The best bedwetting alarm for teenagers is the Rodger wireless alarm. The integrated sensor in the brief is very discreet. The wireless transmitter and alarm worked well for our bedwetting teen to manage himself if he wet.
Like many parents, I thought once my son was able to routinely keep his bed dry (for us this was around 7-years old), I thought it would be smooth sailing as far as nighttime accidents go. So when my son started wetting the bed at age 14, I was concerned. After consulting with our doctor, we decided to try one of the most reliable ways to stop bedwetting: the bedwetting alarm.
What causes teen bedwetting?
Our son’s bedwetting was what they called secondary enuresis or bedwetting that happens after a period of being dry. It is estimated 2% of kids ages 10-19 still wet the bed. That puts the number at almost 850,000 kids in the older age range still wet the bed at least one night a week in the United States.
Our son is very independent and routinely does his own laundry. So, it wasn’t until a couple of weeks of wetting the bed several times a week that he told us. When he did, we had several questions.
- Has anything happened recently that might have triggered his bedwetting?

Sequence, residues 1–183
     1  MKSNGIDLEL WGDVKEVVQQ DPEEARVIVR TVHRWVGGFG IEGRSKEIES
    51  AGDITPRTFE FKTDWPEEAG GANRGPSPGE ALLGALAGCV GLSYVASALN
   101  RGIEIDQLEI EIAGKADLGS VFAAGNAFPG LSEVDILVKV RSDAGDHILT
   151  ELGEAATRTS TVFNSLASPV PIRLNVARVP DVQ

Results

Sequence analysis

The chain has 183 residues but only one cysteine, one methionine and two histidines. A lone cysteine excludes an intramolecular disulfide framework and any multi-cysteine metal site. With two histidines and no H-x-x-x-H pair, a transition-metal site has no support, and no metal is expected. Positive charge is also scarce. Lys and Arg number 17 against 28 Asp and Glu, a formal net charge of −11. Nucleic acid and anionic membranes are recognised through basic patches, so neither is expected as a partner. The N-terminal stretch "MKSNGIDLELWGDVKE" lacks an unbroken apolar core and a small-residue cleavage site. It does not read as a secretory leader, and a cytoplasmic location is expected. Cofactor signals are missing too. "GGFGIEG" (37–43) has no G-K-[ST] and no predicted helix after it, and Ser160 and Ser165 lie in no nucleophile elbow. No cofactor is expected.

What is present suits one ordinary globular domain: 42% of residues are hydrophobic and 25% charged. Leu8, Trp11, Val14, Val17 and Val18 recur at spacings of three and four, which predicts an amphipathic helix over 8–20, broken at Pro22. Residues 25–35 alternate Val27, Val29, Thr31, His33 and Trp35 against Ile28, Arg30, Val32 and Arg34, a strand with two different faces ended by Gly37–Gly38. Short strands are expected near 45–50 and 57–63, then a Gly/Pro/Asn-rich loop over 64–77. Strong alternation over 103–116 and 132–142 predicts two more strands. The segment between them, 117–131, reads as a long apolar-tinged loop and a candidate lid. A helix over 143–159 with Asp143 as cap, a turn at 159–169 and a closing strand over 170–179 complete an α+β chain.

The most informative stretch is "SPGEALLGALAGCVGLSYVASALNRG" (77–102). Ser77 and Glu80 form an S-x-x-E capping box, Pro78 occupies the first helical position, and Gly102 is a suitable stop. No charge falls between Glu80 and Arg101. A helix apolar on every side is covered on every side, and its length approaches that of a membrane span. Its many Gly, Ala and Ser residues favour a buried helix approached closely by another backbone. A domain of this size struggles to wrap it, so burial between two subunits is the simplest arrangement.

- A difficult question we asked was if anybody – whether a friend or adult – had touched him or made feel uncomfortable in any way?
- Did he notice any patterns such as drinking water or soda after a certain time?
- How has he been sleeping? Is he staying up too late?
All of these were answered either with a “no” to “I don’t know.” so it was time to talk with our family medicine doctor.
A Trip to the doctor
We used an annual physical appointment already scheduled to bring up the subject of our teen’s bedwetting with our family doctor. Our son answered no to all of the pre-screening depression questions and we waited for his doctor to come.
After the physical, we brought up his bedwetting. This wasn’t easy for him. Since it was a relatively new thing, the doctor didn’t think he needed to be referred to a urologist or specialist quite yet. We decided to try a couple of things.
- No liquids 1 hour before bedtime
- Going to the restroom ½ hour before bed
- Going to the restroom right before bed
- Wearing a sleep tracker (in our case a fitbit) to measure sleep restlessness and sleep cycles
- Purchasing some disposable bed mats to use on the bed just in case.
What the data showed
Over the course of the next week, my son wet the bed three out of seven nights. In looking at the fitbit app, we were able to see that once he went to bed and fell asleep, he was a very heavy sleeper and didn’t move or switch positions hardly at all. He also went into deep sleep very quickly and for fairly long periods.
The nights where he wet, he took longer to actually fall asleep, but then entered deep sleep very quickly, again with very little restlessness.
We sent our doctor this data and were encouraged to try a bedwetting alarm. The theory was he was just sleeping too soundly with his body and hormones changing, and this was causing his brain to miss the cues that his bladder was getting full.